U.S. President Donald Trump has lurched from one viral moment to another since he entered the White House, but 2019 was perhaps his most
tremendous bizarre year to date, as the Russia investigation and the impeachment inquiry prodded him to new and often shocking outbursts.
Choosing the best viral Trump moments of the year is like trying to conduct a witch hunt at a Halloween party: there are just so many examples available, and new ones are showing up almost daily.
Leaving aside the politically polarized battles in Washington, these are the Trump-related moments that got people talking in 2019:
Trump changes hurricane Dorian’s path with a Sharpie
With a deadly hurricane bearing down on the east coast of the United States, Trump spent the better part of two weeks defending one of his tweets that incorrectly predicted the storm might hit Alabama.
The whole bizarre fiasco culminated with a viral photo op in the Oval Office on Sept. 4, when Trump showed off a weather map that had been doctored with a Sharpie to extend the storm’s path over Alabama.
Trump’s reality-bending map touched off a flurry of mockery online, where many people shared their own Trump-inspired, marker-altered scenes under the hashtag #Sharpiegate.
The president later forced his weather service to put out a statement backing his incorrect tweet.
The storm never hit Alabama.
“It’s okay to be wrong sometimes, y’all,” Twitter user @rebelkellll wrote at the time. “Don’t be like this man.”
Melania Trump’s sultry look at Justin Trudeau
A picture is worth a thousand words — although those words don’t always reflect the truth.
That was the case with a viral photo captured at the G7 summit this summer, which appeared to show first lady Melania Trump giving Prime Minister Justin Trudeau the “bedroom eyes” after a quick cheek kiss. The president can be seen looking the other way in the background of the photo.
It was one of dozens of fleeting onstage kisses at the G7 in France, where various politicians and their spouses were exchanging pleasantries during a photo op. However, the blink-and-you’ll-miss-it moment touched off wild speculation on Twitter, particularly among Trudeau fans and Trump critics.
“Looks like Justin Trudeau found Melania’s G7-spot,” one popular tweet read. It included the hashtag “#MelaniaLovesTrudeau.”
“It looks like they are all laughing at Trump while Melania kisses Trudeau behind his back,” another Twitter user wrote.
Trump as Rocky Balboa
Trump’s Twitter account is an inflammatory but largely predictable stream of complaints, attacks, boasts and retweets from his supporters. That’s why it’s so unusual when he shares something that riffs on pop culture, such as when he tweeted a photo of himself Photoshopped onto Rocky Balboa’s body.
The original image was taken from Rocky III, with Trump’s head edited over top of Sylvester Stallone’s. Trump did not write any text to go with the image, and he still hasn’t explained it.
Nevertheless, it got people talking.
“The delusion runs very deep,” one user tweeted in response to the photo.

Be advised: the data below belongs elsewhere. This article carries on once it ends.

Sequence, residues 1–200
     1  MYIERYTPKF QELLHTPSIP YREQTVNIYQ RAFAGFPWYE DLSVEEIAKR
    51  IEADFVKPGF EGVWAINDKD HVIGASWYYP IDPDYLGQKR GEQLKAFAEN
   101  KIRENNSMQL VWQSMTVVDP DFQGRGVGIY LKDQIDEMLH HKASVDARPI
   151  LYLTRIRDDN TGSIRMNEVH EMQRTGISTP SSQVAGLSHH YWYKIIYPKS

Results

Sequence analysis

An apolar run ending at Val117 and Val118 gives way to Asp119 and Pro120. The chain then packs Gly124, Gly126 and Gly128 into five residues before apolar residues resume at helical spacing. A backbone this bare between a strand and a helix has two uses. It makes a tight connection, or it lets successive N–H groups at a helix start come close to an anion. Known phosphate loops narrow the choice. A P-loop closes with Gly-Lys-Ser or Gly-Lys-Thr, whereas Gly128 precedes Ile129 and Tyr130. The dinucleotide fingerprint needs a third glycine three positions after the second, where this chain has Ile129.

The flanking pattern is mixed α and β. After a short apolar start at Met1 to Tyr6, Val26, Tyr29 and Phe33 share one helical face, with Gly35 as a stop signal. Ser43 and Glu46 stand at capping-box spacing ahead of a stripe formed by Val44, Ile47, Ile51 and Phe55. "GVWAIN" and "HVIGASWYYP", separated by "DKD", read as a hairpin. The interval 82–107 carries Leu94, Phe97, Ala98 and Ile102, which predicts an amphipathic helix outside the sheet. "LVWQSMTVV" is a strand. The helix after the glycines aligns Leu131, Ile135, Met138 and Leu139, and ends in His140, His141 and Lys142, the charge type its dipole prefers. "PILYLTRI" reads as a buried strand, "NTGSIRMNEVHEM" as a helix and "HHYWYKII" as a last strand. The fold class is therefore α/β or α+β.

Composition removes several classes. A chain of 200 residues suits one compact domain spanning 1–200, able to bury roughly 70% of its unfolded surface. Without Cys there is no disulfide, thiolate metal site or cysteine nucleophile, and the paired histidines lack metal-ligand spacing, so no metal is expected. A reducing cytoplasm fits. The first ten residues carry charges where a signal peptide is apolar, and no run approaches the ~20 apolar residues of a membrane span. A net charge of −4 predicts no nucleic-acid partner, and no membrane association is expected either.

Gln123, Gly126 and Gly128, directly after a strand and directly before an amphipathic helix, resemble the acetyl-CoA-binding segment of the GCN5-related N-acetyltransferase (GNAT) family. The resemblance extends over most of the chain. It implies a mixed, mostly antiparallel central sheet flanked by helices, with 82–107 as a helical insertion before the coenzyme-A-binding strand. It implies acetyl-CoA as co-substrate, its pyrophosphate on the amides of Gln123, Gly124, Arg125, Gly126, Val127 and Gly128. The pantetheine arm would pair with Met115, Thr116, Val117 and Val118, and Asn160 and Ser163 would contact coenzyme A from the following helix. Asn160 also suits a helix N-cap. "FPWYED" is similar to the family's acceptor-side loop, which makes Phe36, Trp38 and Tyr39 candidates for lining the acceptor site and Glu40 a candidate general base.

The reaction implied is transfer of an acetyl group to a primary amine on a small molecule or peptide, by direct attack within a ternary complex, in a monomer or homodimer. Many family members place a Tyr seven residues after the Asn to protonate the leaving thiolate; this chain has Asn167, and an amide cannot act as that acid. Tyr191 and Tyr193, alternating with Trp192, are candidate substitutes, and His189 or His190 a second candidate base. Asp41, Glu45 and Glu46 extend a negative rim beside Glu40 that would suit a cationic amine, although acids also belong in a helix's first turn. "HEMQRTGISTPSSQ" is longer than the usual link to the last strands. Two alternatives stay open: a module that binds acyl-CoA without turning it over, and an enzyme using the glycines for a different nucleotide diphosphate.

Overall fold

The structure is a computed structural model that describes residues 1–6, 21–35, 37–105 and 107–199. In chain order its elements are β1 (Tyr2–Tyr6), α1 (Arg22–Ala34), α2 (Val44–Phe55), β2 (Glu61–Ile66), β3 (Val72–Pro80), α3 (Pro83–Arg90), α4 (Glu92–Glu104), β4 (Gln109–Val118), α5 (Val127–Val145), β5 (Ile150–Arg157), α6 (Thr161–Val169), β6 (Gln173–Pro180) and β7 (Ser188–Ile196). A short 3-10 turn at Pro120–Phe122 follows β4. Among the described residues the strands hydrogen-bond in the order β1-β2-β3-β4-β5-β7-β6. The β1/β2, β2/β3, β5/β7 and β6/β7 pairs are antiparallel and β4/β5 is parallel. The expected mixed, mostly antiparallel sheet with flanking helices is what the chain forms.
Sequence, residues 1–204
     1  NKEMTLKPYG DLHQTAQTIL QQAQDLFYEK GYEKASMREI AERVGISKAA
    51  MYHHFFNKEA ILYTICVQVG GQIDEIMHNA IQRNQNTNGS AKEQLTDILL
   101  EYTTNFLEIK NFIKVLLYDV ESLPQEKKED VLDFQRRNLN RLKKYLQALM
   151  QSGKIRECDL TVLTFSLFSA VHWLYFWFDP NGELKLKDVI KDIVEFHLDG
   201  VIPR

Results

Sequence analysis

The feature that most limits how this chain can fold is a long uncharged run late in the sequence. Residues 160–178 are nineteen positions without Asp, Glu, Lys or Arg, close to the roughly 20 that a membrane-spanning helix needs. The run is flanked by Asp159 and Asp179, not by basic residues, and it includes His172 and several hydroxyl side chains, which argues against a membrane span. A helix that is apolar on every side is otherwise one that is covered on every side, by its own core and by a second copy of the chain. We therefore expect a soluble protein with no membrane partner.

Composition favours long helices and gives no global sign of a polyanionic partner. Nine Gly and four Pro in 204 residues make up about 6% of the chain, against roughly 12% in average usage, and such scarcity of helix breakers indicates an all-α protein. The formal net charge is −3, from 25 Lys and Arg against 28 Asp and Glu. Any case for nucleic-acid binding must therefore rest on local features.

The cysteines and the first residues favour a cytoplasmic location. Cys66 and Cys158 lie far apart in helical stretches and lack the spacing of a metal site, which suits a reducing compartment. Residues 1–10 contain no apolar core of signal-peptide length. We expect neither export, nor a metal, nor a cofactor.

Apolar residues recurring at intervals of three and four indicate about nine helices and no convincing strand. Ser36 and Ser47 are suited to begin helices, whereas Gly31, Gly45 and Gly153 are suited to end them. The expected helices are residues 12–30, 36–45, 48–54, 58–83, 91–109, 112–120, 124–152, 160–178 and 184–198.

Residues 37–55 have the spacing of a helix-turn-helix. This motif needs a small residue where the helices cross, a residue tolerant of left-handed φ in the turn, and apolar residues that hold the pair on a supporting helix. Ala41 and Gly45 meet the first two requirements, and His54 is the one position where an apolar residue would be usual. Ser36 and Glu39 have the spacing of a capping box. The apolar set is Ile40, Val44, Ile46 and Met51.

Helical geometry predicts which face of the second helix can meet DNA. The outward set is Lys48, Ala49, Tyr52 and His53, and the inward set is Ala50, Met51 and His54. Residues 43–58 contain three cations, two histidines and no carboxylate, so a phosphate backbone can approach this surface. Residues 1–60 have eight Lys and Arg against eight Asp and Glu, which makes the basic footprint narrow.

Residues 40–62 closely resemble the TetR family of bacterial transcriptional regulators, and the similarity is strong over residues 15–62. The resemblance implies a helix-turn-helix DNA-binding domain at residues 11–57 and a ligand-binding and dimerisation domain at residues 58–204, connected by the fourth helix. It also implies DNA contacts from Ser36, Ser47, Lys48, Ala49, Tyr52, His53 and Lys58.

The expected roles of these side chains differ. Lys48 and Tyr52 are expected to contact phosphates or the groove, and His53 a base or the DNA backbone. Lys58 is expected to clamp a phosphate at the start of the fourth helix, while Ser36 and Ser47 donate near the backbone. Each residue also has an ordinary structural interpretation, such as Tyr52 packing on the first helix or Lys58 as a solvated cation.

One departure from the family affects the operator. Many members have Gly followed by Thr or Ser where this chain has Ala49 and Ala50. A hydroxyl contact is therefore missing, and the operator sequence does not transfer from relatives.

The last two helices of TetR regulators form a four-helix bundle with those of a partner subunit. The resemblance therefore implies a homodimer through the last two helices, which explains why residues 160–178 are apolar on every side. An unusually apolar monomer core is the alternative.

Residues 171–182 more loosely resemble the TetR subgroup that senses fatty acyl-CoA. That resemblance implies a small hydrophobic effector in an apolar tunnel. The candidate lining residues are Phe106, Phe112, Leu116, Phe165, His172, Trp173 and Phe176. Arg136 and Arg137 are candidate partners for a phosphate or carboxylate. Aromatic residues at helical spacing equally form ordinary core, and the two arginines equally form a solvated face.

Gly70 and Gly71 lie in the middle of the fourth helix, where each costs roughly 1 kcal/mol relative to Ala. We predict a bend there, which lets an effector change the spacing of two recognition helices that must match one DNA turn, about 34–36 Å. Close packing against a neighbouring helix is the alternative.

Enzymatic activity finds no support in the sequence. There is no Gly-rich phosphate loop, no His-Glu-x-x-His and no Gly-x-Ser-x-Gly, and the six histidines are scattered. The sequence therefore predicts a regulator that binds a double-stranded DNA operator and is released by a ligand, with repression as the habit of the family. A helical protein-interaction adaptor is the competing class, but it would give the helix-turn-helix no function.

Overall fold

“Delusion vs. Reality,” wrote another user, with side-by-side images of the doctored photo and an image of Trump on the golf course.
“True champion!” a Trump supporter wrote. “Only the truly stupid punch President Trump and don’t expect a counterpunch.”
Nickelback forces Trump to delete a Twitter video
The tweet used a clip of Nickelback’s music video for Photograph to introduce an attack ad on Joe Biden, one of Trump’s potential rivals for the presidency.
In the clip, lead singer Chad Kroeger holds up a photograph and the camera zooms in on it. The clip has inspired many memes, and Trump’s team apparently tried to capitalize on the same format for its attack ad.
However, Nickelback appears to have complained to Twitter, and the video was removed due to copyright issues.
The same format has been used to blast Trump over alleged efforts to dig up dirt on Biden in Ukraine.
Trump serves up a ‘hamberder’ feast
Although nothing may live up to Trump’s “covfefe” tweet from 2017, an early 2019 typo came close.
Trump accidentally bragged that he was serving “hamberders” to a college football team at the White House in January, prompting Burger King to mock him on Twitter.
“Due to a large order placed yesterday, we’re all out of hamberders. Just serving hamburgers today,” Burger King tweeted in a nod to Trump’s mistake.
Trump tries to buy Greenland
Trump legitimately thought he could use his real estate experience to buy Greenland — and he was very upset when people laughed at him over it.
The president blasted Danish Prime Minister Mette Frederiksen in August after she rejected the notion as “absurd.”
“It was made in a nasty, sarcastic tone,” Trump told White House reporters after cancelling a planned visit to Denmark.
“She said ‘absurd,’ that’s not the right word to use.”
One could argue that notion, especially after Trump tweeted an image of a fake Trump tower in Greenland.
Trump’s bizarre plan to buy Greenland proved fruitless, although it inspired plenty of jokes.
‘BeBest’ and stop bullying, unless you’re Trump